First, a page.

Use and trade of bitumen in antiq...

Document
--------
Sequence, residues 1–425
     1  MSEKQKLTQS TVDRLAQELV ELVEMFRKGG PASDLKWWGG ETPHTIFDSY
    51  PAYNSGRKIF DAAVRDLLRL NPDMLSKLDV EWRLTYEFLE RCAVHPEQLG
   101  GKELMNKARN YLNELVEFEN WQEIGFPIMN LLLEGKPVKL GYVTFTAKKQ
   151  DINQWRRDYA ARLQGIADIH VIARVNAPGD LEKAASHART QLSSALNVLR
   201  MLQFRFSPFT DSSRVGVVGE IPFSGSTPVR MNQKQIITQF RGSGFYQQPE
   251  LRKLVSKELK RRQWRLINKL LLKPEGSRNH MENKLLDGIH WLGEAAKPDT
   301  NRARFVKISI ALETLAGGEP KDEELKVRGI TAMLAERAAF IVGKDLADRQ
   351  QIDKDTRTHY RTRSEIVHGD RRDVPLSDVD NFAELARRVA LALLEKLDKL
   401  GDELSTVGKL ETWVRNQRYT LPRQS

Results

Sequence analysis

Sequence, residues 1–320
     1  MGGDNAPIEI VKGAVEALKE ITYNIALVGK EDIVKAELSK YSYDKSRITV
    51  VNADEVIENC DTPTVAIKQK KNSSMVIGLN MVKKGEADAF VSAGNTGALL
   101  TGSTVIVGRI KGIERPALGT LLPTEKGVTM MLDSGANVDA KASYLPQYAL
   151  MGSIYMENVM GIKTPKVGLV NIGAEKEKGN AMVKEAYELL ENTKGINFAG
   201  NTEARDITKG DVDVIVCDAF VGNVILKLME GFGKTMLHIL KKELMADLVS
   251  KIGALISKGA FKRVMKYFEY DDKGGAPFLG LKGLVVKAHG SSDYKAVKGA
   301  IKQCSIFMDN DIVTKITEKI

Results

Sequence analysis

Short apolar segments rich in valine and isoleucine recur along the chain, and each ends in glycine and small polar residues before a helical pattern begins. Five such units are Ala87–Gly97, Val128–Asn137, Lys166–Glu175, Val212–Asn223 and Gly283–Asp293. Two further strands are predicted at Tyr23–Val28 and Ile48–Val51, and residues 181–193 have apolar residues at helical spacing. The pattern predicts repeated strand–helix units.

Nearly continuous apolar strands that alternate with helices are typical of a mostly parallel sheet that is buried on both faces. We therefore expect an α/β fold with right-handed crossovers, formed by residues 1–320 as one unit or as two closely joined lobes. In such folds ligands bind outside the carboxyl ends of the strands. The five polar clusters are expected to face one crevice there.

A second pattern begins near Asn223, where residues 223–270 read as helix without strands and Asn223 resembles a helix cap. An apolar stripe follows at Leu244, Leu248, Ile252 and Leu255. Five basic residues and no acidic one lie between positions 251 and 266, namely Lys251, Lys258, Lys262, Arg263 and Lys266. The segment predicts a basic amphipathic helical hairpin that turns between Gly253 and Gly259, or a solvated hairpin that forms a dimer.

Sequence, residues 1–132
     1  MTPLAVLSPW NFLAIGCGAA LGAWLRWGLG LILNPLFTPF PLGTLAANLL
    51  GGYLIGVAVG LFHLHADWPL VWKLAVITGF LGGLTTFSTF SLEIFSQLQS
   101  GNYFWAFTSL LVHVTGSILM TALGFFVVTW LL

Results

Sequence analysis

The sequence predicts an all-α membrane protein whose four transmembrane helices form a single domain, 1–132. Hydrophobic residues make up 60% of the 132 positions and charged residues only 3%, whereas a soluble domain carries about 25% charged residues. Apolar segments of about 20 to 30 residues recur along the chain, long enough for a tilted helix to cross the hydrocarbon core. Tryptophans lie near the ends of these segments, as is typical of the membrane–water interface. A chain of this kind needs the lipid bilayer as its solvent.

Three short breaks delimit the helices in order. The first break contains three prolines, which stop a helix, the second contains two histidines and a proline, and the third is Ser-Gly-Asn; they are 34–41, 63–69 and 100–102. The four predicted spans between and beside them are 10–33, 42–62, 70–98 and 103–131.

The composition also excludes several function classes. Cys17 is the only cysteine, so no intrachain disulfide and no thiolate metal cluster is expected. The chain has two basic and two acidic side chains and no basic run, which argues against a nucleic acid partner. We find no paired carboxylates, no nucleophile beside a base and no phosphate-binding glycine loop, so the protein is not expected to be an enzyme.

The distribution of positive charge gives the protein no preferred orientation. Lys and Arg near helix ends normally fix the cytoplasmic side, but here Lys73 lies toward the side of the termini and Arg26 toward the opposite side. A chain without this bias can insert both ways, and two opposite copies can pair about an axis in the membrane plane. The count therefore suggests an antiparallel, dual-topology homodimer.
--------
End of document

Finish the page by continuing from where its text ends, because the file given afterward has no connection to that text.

Use and trade of bitumen in antiquity and prehistory: molecular archaeology reveals secrets of past civilizations J. Connan Elf Exploration Production, CSTJF-L2 1159, Avenue Larribau, 64018-Pau Cedex, France ( email@example.com) Natural asphalt (or bitumen) deposits, oil seepage and liquid oil shows are widespread in the Middle East, especially in the Zagros mountains of Iran. Ancient people from northern Iraq, south-west Iran and the Dead Sea area extensively used this ubiquitous natural resource until the Neolithic period (7000^ 6000 BC). Evidence of earlier use has been recently documented in the Syrian desert (Boeda et al. 1996) near El Kown, where bitumen-coated ��int implements, dated to 40 000 BC (Mousterian period), have been unearthed. This discovery at least proves that bitumen was used by Neanderthal populations as hafting material to ��x handles to their ��int tools. Numerous testimonies, proving the importance of this petroleum-based material in Ancient civiliza- tions, were brought to light by the excavations conducted in the Near East as of the beginning of the century. Bitumen remains show a wide range of uses (Connan & Deschesne 1995) that can be classi��ed under several headings. First of all, bitumen was largely used in Mesopotamia and Elam as mortar in the construction of palaces (e.g. the Darius Palace in Susa), temples, ziggurats (e.g. the so-called ���T ower of Babel��� in Babylon), terraces (e.g. the famous ���Hanging Gardens of Babylon���) and exceptionally for roadway coating (e.g. the processional way of Babylon). Since the Neolithic, bitumen served to waterproof containers (baskets, earthenware jars, storage pits), wooden posts, palace grounds (e.g. in Mari and Haradum), reserves of lustral waters, bathrooms, palm roofs, etc. Mats, sarcophagi, co���ns and jars, used for funeral practices, were often covered and sealed with bitumen. Reed and wood boats were also caulked with bitumen. Abundant lumps of bituminous mixtures used for that particular purpose have been found in storage rooms of houses at Ra���s al-Junayz in Oman. Bitumen was also a widespread adhesive in antiquity and served to repair broken ceramics, ��x eyes and horns on statues (e.g. at T ell al-Ubaid around 2500 BC). Beautiful decorations with stones, shells, mother of pearl, on palm trees, cups, ostrich eggs, musical instruments (e.g. the Queen���s lyre) and other items, such as rings, jewellery and games, have been excavated from the Royal tombs in Ur. They are on view in the British Museum. With a special enigmatic material, commonly referred to as ���bitumen mastic���, the inhabitants of Susa sculpted master- pieces of art which are today exhibited in the Louvre Museum in Paris. This unique collection is presented in a book by Connan & Deschesne (1996). Last, bitumen was also considered as a powerful remedy in medical practice, especially as a disinfectant and insecticide, and was used by the ancient Egyptians to prepare mixtures to embalm the corpses of their dead. Modern analytical techniques, currently applied in the ��eld of petroleum geochemistry, have been adapted to the study of numerous archaeological bituminous mixtures found in excavations. More than 700 bituminous samples have been analysed during the last decade, using gas chromatography alone and gas chromatography coupled with mass spectrometry and isotopic chemistry (carbon and hydrogen mainly). These powerful tools, focused on the detailed analysis of biomarkers in hydrocarbon fractions, were cali- brated on various well-known natural sources of bitumen in Iraq, Syria, Iran, Bahrain and Kuwait. These reference studies have made it possible to establish the origins of bitumen from numerous archaeological sites and to document the bitumen trade routes in the Middle East and the Arabo-Persian Gulf. Using a well-documented case history, T ell el ���Oueili (5800^3500 BC) in South Mesopotamia, we will illustrate in this paper how these new molecular and isotopic tools can help us to recognize di��erent sources of bitumen and to trace the ancient trade routes through time. These import routes were found to vary with major cultural and political changes in the area under study. A second example, referring to the prehistoric period, describes bitumen traces on ��int implements, dated from Mousterian times. This discovery, from the Umm El Tlel excavations near El Kown in Syria, was reported in 1996 in Boeda et al. At that time, the origin of the bitumen had not been elucidated due to contamination problems. Last year, a ball of natural oil-stained sands, unearthed from the same archaeological layer, allowed us to determine the source of the bitumen used. This source is regional and located in the Jebel Bichri, nearly 40 km from the archaeological site. Phil. Trans. R. Soc. Lond. B (1999) 354, 33^50 33 & 1999 The Royal Society